When I started this novel, I assumed that the marriage being remembered was the narrator’s long and happy union to his Parisian wife - the now deceased Bella, whom he had first encountered at a party when he was a young man (“My thoughts and gaze were fixed on Bella; it was a coup de foudre: lightning had stuck, I had fallen in love”). But soon the story turns and concentrates on the marriage of Lucy de Bourgh, trust fund party girl and daughter of one of Rhode Island’s first families, and her brilliant but socially-beneath-her husband, Thomas Snow.
Thomas was killed in a freak accident years earlier, and also years after he and Lucy got divorced. Time, however, has not softened Lucy’s opinion of the man she calls “that monster.” But was it Thomas or Lucy herself who was the demon in the marriage? Thomas remarried and had a happy relationship the second time around, and the child he had with Lucy -Jamie, who Lucy calls “a loser” - is closer to his step-mother than to his own mother.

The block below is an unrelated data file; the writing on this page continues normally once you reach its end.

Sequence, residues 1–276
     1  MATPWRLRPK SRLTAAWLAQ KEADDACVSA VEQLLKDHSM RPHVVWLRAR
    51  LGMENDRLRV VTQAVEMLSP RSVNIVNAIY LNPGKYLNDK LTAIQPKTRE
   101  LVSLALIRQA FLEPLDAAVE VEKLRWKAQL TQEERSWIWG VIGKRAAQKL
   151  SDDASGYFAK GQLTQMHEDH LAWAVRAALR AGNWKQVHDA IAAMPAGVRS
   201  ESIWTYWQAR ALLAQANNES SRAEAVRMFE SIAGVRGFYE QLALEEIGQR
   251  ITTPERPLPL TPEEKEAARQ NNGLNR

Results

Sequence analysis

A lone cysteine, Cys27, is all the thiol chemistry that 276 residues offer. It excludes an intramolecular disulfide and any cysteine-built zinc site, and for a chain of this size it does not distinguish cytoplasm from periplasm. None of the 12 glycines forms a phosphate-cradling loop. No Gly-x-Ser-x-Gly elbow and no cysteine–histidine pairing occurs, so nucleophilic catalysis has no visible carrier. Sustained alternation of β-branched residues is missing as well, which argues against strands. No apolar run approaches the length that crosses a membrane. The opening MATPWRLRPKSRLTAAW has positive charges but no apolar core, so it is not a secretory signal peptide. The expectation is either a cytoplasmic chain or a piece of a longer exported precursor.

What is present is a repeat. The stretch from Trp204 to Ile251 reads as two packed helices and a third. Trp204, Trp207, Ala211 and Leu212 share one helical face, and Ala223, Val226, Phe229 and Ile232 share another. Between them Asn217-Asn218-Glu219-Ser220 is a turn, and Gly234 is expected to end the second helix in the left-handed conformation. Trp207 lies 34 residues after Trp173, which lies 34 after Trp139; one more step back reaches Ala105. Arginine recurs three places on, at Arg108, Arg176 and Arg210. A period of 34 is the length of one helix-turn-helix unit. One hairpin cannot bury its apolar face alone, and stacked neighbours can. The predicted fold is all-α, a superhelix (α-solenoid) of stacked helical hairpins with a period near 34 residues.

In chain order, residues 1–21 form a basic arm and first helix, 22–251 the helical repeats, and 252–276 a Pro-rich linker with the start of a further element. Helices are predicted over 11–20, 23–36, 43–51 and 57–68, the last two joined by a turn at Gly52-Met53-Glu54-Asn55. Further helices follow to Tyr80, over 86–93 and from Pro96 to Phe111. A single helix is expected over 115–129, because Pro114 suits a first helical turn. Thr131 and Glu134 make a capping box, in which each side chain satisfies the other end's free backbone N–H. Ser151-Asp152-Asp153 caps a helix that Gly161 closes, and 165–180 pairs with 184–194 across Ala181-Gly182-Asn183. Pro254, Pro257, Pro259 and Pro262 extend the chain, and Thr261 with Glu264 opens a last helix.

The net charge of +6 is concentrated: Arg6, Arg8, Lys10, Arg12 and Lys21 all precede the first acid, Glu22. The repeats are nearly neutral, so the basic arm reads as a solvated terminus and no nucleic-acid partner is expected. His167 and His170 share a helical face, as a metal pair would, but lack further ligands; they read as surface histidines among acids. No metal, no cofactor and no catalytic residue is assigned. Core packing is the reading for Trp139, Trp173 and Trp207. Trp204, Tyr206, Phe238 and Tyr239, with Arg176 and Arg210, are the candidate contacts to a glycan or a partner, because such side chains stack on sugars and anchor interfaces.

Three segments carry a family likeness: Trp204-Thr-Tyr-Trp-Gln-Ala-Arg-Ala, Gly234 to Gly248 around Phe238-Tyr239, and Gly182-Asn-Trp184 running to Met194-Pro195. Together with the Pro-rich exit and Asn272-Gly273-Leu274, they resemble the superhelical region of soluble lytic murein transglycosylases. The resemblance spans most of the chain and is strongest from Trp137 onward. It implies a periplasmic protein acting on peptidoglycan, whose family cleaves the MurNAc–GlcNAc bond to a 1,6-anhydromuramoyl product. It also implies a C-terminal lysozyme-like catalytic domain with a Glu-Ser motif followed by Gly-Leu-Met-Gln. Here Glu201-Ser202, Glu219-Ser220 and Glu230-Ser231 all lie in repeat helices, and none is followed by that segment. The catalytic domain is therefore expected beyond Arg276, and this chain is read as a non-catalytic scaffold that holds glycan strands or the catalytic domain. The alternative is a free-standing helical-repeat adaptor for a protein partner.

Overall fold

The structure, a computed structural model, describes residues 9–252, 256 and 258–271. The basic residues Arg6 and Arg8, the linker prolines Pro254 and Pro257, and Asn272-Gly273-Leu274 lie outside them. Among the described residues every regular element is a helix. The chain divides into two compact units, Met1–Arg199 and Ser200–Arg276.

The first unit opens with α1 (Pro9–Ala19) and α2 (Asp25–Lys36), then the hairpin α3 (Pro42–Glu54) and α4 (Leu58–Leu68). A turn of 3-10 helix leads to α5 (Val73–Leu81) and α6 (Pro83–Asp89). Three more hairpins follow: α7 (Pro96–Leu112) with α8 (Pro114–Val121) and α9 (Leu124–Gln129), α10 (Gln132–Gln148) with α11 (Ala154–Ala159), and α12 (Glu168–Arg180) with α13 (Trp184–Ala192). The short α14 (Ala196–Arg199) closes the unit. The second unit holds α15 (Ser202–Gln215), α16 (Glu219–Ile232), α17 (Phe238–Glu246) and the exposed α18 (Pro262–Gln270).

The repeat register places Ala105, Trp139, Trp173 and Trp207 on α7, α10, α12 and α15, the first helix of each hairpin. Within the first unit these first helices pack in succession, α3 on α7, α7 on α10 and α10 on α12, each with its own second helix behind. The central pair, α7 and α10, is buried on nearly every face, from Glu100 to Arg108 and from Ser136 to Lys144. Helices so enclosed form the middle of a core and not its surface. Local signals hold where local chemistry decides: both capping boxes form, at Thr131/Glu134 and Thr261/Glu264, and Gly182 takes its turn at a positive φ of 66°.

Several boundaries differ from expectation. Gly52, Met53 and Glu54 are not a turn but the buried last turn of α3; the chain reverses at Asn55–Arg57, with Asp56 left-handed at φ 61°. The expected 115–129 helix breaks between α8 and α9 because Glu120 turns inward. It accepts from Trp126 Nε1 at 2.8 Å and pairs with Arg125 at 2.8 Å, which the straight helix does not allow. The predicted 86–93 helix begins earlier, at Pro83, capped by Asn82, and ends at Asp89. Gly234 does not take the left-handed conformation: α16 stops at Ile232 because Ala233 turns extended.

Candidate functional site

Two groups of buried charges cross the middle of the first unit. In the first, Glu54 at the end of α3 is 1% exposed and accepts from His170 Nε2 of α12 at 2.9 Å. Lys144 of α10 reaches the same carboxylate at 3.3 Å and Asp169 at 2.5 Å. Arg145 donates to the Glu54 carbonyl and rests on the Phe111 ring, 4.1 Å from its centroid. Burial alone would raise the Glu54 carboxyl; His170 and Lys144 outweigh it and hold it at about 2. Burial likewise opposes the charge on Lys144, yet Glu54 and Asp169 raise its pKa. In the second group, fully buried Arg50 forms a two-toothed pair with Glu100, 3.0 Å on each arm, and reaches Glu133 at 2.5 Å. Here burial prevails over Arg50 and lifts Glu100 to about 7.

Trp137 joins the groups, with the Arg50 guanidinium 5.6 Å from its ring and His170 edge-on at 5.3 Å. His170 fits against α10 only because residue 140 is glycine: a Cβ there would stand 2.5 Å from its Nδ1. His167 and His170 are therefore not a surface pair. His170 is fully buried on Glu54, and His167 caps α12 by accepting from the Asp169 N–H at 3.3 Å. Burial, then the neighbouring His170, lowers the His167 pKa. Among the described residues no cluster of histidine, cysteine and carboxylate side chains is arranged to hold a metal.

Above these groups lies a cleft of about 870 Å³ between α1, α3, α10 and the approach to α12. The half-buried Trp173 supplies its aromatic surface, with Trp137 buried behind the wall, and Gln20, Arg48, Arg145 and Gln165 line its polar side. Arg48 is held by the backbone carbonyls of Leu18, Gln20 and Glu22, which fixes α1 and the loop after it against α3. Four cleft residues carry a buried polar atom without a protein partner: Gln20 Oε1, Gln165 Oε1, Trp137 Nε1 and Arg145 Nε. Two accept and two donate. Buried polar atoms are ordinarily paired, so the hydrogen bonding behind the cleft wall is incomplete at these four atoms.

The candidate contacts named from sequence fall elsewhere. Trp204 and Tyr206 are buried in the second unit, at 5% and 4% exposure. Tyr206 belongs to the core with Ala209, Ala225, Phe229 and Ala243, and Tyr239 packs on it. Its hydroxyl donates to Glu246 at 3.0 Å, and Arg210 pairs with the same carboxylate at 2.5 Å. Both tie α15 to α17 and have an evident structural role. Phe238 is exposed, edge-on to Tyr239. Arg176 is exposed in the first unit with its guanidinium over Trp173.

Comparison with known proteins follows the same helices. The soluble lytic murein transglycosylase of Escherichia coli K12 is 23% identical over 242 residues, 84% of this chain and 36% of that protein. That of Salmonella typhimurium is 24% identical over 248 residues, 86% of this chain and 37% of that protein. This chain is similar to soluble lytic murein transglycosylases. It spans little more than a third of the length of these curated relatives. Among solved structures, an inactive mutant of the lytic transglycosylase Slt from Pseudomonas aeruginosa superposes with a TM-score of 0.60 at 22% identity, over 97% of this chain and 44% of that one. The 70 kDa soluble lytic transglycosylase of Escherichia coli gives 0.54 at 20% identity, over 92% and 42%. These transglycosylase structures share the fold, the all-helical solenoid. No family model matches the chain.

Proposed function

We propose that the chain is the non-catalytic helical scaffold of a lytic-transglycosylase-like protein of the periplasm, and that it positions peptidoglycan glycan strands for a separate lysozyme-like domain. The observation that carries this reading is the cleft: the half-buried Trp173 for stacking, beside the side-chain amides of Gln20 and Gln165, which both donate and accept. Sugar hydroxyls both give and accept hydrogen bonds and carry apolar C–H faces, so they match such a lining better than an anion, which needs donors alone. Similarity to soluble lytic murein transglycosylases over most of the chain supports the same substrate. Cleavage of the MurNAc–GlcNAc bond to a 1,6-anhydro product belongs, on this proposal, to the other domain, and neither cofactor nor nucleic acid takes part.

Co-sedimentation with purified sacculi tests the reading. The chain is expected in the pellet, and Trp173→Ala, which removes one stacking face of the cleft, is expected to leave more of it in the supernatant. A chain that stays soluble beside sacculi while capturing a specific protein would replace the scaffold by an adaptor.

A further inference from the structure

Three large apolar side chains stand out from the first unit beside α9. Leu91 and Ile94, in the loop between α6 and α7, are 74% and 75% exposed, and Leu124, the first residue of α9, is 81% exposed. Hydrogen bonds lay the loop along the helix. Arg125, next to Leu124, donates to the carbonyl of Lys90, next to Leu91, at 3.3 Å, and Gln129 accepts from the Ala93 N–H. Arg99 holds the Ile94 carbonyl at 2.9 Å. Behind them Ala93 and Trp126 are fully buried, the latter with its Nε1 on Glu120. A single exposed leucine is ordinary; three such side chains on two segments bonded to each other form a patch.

Perhaps because he has too much time on his hands, maybe because he is vaguely interested in a romantic relationship with Lucy, or it could be just because he can’t reconcile why the Lucy/Thomas union turned so sour, the narrator becomes obsessed with finding out what really happened to the marriage of two friends he had so very long ago. Whatever the reason, the reader benefits; learning more about Lucy often makes one sit up straight and raise an eyebrow.
"I’m still quite rich,” she says. “Richer than you think. And I’m not really a bitch. I’ve told you so much about myself that you must think I am, but that’s not the truth. I’m in good shape now—in my head and in the rest of the body. I could give you a nice life—sex included," she added. Our narrator takes note.
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